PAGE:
Types of Listening

Learning Objectives

Describe the different types of listening.

We regularly engage in several different types of listening. Each type of listening requires the listener to have an intent.

Appreciative Listening

Appreciative listening means we are listening for pleasure. Examples include when we are tuning our attention in to a song we like, a poetry reading, actors in a play, or sitcom antics on television.

Relational Listening

Relational listening happens when we are listening to a friend or family member, building our relationship with another by offering support and showing empathy for their feelings in the situation they are discussing. We are engaged with them in the moment and listening.

Empathetic or Therapeutic Listening

Therapists, counselors, and conflict mediators are trained in different listening levels. One important aspect of their job is to listen closely for the purpose of helping the client.

Critical Listening

We engage in this type of listening when we are at a political event, attending a debate, or enduring a salesperson touting the benefits of various brands of a product. We are required to be attentive to key points that influence or confirm our judgments.

Informational Listening

The focus is to gain and remember information during informational listening. We do this kind of listening often when we are in a classroom setting, a doctor’s office, or a workplace meeting.

Yet, despite all the ways we practice listening every day, Nichols called listening a “lost art.”[1] The ease of sitting passively without really listening is well known to anyone who has sat in a boring class with a professor droning on about one topic or another. You hear the words the professor is saying while you check Facebook or Instagram under the desk on your phone. Yet, when the professor structures the exam questions on a topic covered in class, you realize you didn’t actually listen. Trying to recall what you heard is a challenge because you did not focus your attention and intend to remember what was said. Thus, the information is lost.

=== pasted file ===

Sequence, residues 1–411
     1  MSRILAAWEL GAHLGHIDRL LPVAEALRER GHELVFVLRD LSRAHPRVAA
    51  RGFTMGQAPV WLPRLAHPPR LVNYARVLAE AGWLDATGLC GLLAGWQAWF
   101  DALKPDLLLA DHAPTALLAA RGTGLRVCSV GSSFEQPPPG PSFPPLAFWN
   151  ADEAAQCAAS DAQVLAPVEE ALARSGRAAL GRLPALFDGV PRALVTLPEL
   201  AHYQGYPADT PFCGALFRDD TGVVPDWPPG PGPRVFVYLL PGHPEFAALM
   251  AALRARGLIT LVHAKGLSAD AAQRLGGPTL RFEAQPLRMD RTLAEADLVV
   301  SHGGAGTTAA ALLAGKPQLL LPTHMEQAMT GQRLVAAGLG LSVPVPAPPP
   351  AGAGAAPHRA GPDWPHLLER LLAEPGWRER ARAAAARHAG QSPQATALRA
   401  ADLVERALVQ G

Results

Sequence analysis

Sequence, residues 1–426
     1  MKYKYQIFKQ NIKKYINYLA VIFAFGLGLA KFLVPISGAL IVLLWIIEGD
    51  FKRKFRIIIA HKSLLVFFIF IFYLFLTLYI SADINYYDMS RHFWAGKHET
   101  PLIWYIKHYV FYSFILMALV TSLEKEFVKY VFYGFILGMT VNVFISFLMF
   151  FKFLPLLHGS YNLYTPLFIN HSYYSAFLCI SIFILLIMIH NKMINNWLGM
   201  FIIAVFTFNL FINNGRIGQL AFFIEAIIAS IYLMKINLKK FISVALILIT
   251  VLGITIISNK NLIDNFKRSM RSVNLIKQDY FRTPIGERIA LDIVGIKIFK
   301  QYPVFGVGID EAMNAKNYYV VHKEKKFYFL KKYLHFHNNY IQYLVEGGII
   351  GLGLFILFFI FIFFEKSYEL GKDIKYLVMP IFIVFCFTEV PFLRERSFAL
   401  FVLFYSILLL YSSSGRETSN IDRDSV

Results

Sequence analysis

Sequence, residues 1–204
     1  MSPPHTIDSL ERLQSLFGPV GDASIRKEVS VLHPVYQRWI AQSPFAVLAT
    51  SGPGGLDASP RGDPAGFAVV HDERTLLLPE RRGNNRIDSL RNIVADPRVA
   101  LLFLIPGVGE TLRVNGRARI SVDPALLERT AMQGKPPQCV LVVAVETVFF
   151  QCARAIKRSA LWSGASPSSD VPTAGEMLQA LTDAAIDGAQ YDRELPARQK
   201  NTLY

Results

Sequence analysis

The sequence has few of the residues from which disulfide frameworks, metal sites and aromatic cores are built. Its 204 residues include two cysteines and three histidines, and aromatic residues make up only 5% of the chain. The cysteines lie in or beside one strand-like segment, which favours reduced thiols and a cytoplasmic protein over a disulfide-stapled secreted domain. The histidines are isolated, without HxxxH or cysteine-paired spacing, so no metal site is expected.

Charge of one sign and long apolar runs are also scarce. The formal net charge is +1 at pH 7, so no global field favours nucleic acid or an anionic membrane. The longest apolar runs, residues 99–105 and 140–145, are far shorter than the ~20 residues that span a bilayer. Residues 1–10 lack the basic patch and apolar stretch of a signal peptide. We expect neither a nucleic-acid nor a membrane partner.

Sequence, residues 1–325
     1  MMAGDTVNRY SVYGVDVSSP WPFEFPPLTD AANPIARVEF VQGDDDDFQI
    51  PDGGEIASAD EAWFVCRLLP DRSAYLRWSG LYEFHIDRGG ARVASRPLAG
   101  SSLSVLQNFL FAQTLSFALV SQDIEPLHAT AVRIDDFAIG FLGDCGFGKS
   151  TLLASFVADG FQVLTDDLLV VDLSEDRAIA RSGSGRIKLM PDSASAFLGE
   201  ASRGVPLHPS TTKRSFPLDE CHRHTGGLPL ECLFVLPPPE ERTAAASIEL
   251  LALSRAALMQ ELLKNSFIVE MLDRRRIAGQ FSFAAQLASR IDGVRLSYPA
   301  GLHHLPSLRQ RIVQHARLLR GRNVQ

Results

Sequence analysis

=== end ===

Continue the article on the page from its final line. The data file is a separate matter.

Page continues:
Have you ever spent time with an infant or toddler? If so, you know that they are amazing at listening. In fact, listening is one of the first skills infants gain. They use it to acquire language and learn to communicate with their parents. As we get older, how we listen changes, yet the necessity for listening does not. Communication theorists have consistently agreed that we listen far more than we engage in any other communication practice, whether speaking, reading, or writing.[2][3] [4] [5]

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  1. Nichols, M. P. (2009). The Lost Art of Listening, Second Edition: How Learning to Listen Can Improve Relationships. United Kingdom: Guilford Publications.
  2. Rankin, Paul T. "The importance of listening," English Journal, 19, October, 1928, pp. 623–30.
  3. Wilt, Miriam E. "A study of teacher awareness of listening as a factor in elementary education," Journal of Educational Research, 43 (8), April, 1950, pp. 626–36.
  4.  Hyslop, N. B., & Tone, B. (1989). Listening: Are we teaching it, and if so, how?. The Bulletin of the Association for Business Communication52(2), 45–6. https://www.ericdigests.org/pre-928/listening.htm
  5.  LeLoup, J. W., & Ponterio, R. (2007). Listening: You've got to be carefully taught. Language Learning & Technology11(1), 4–15.